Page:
How Long Does A Back Tattoo Take To Complete? Size Isn't The Only Factor
If you're in the market for a new tattoo, a couple of things take place before you swan into a parlor. First, you find an amazing artist, then you choose a design, and finally you pick where it'll go on your body. Say you want back ink — how long would a back tattoo take? That's the next logical question when deciding, especially when you consider the pain. While some pain is involved when getting ink anywhere on your body, no one really wants to spend hours upon uncomfortable hours underneath the needle.
Camille Francoeur Caron, a tattoo artist of two years from XS Tattoos in Montreal, explains the length of time you'll be in a chair depends on a number of factors — and what they are may surprise you.
"For a complete back piece, the time could range between 20 to 30 hours depending on the design, but this is not a thing you do often," Caron shares in an email interview with Bustle.
If you're not in the market for having your whole back inked, something smaller takes much less time.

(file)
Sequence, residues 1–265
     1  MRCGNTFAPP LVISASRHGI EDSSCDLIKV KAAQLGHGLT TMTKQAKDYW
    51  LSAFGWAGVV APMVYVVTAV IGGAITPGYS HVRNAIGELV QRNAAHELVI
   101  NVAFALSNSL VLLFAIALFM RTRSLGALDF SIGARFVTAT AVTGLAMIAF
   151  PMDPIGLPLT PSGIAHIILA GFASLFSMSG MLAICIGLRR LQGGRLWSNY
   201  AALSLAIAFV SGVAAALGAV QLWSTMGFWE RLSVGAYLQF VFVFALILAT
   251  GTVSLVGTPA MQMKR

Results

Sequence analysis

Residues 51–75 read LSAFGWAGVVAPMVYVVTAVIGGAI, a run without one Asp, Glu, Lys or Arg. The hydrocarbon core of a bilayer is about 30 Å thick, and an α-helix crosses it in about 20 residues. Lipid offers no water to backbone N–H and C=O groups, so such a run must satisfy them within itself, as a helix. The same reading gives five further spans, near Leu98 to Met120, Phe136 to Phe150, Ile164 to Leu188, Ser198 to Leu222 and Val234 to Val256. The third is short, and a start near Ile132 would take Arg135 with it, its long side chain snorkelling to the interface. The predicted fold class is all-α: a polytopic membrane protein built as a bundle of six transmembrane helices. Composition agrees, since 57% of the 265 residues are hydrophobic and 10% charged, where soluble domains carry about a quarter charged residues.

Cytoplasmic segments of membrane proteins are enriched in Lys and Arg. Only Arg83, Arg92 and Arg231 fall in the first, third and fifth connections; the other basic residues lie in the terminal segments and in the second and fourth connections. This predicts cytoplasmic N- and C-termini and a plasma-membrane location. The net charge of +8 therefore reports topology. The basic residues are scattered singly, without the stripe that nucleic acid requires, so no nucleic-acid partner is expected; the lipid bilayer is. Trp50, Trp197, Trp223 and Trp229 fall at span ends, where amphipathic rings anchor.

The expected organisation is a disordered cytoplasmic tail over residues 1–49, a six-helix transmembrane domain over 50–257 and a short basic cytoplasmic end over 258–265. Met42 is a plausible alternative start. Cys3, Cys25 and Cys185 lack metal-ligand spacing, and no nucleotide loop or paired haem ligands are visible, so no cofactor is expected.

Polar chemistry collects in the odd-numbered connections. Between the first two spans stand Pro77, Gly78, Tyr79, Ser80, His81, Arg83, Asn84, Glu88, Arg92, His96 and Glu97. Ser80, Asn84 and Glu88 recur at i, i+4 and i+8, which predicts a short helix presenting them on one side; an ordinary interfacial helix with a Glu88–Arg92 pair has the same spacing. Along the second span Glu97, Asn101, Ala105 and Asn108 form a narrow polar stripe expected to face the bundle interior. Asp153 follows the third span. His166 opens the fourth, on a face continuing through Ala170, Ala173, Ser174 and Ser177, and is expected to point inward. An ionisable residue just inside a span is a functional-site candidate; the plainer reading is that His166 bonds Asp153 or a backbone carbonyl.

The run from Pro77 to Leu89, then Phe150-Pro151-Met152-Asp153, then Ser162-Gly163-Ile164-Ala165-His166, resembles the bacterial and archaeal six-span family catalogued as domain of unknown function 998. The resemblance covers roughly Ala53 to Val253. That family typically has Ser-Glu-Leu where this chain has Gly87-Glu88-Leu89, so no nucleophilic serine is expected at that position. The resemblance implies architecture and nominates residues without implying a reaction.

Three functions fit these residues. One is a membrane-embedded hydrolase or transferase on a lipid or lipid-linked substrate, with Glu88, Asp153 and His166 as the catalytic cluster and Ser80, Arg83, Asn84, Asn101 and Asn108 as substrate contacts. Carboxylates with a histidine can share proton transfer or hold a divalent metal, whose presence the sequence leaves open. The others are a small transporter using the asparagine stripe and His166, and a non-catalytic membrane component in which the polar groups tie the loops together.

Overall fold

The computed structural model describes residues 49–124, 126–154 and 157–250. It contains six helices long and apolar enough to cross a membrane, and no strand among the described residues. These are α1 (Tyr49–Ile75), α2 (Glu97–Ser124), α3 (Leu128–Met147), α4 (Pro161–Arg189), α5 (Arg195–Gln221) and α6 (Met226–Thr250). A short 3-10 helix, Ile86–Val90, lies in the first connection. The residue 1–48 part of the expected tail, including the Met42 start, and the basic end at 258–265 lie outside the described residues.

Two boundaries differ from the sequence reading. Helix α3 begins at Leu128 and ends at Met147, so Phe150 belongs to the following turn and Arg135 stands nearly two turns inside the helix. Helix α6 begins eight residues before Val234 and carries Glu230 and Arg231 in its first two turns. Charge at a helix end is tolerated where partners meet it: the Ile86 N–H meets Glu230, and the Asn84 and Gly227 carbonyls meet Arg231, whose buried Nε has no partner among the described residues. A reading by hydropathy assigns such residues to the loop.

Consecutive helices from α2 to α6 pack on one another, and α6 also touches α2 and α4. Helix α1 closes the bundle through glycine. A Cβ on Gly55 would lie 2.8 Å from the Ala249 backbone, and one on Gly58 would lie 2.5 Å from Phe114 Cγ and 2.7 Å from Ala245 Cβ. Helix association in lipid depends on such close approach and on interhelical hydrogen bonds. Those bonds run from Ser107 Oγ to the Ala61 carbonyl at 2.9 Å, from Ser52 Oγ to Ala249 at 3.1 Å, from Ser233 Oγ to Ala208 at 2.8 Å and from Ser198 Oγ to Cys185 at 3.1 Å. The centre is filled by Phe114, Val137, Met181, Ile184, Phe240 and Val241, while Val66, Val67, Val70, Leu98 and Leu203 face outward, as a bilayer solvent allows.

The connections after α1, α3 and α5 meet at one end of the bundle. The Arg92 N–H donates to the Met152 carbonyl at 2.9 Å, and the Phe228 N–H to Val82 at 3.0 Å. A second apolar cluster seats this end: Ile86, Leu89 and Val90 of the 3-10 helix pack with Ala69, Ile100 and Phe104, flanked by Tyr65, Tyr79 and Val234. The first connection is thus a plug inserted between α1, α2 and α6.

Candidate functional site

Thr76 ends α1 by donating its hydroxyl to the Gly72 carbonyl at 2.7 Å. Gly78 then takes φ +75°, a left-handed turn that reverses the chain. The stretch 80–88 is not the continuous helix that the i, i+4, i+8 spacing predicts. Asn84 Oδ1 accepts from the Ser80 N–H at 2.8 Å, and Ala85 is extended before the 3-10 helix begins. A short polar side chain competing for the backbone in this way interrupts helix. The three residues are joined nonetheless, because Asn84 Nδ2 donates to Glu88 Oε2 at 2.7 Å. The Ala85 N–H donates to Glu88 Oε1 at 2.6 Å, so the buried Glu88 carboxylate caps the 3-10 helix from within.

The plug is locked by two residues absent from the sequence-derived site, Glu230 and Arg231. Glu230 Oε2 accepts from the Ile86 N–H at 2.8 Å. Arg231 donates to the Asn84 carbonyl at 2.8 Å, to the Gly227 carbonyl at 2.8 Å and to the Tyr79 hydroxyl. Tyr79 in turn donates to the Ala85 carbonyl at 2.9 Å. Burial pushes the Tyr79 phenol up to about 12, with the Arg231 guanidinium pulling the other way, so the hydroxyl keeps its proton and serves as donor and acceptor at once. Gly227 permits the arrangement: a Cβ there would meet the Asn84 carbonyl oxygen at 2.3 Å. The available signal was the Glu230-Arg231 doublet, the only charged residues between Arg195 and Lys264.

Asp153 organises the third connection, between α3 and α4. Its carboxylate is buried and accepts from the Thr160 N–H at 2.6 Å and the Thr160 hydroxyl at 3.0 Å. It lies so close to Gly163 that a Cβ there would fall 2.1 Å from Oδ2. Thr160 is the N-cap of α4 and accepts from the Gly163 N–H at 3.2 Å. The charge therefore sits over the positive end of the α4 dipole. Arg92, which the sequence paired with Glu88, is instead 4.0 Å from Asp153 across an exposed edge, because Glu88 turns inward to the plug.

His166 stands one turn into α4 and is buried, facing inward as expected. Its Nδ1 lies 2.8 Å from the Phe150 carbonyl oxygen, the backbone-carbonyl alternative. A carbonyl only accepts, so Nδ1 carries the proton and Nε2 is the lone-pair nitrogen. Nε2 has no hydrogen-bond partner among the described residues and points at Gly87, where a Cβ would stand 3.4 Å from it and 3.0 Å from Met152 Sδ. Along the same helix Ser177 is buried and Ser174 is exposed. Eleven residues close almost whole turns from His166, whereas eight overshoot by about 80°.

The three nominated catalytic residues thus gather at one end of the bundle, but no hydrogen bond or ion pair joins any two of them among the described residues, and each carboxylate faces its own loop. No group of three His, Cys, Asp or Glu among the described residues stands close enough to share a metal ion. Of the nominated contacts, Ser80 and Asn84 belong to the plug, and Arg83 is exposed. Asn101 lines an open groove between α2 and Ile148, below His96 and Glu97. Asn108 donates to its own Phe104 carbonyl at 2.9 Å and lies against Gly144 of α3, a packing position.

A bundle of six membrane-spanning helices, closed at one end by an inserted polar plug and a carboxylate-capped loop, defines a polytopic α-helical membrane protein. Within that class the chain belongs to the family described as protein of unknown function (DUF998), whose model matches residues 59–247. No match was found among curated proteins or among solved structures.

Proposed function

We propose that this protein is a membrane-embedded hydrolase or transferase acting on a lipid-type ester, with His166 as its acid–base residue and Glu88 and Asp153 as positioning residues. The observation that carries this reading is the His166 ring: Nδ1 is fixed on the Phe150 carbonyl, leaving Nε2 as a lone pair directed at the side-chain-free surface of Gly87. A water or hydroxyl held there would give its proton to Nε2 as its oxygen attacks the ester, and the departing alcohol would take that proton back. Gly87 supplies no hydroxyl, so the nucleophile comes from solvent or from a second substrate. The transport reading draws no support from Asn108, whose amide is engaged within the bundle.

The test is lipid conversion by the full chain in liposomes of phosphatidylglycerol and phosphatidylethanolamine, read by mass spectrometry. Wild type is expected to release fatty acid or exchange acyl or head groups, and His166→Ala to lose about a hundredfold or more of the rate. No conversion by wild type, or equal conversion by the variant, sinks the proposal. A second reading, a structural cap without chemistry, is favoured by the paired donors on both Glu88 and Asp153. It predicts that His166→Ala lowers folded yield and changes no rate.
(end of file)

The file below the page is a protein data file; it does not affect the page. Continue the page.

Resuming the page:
"For any other design, it would depend on the size and the details of the tattoo. To give an idea, a palm-sized tattoo could take from one to three hours depending on the design. Something like a simple triangle, a word, or a very small design (size of an eyeball) could take between 10 minutes to an hour," Caron explains.
In the end, the size of the tattoo doesn't really factor into the time as much as the actual detailing does. The more intricate your artwork, the longer you'll be sitting in the chair.
"In the end, you have to keep in mind that the final time depends on a lot of things other than the size. It changes depending on the artist you chose, the details in the design, the design it self, if you put color or not, and if you only do lines or you add shading," Caron points out.
She also mentions that things like the placement of the tattoo matters, as some parts of the back are easier to tat than others. Your pain tolerance also adds to the equation, since someone who has a high tolerance can trudge on through the session without stopping.
In the end there are a lot of factors that you need to consider when trying to gauge the time, but the easiest thing you can do is ask your artist. They'll have the best idea on how long you can expect to stay in the parlor. If you really love your design, those couple of hours of pain will be well worth it.